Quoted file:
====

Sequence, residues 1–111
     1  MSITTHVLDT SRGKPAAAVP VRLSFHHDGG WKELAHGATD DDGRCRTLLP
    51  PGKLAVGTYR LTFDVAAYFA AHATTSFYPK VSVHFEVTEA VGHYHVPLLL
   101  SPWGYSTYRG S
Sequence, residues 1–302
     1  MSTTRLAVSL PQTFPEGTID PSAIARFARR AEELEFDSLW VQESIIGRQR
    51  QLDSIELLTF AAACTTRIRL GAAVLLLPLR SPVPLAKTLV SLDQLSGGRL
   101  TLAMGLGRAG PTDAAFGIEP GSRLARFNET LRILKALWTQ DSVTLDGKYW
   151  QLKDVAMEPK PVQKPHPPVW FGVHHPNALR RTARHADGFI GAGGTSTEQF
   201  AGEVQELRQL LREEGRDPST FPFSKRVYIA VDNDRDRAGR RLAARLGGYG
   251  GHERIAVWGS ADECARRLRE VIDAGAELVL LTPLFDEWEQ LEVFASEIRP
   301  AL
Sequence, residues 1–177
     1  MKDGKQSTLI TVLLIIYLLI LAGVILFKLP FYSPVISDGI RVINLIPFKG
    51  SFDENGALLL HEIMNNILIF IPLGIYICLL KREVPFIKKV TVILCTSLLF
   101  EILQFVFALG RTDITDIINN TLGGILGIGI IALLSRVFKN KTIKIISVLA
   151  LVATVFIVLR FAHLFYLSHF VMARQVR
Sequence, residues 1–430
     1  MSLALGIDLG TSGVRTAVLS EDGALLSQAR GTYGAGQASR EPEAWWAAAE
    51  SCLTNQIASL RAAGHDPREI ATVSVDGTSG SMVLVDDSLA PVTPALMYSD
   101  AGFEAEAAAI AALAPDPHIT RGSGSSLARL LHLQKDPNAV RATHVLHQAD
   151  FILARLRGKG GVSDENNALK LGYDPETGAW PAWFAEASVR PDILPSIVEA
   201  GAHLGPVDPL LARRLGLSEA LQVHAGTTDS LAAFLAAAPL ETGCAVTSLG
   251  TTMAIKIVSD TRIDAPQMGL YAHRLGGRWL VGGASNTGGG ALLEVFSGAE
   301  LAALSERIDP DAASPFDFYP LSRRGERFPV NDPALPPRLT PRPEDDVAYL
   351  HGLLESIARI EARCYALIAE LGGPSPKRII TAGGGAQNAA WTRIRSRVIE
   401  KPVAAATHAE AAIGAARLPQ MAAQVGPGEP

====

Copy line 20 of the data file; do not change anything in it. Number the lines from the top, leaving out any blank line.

    51  SCLTNQIASL RAAGHDPREI ATVSVDGTSG SMVLVDDSLA PVTPALMYSD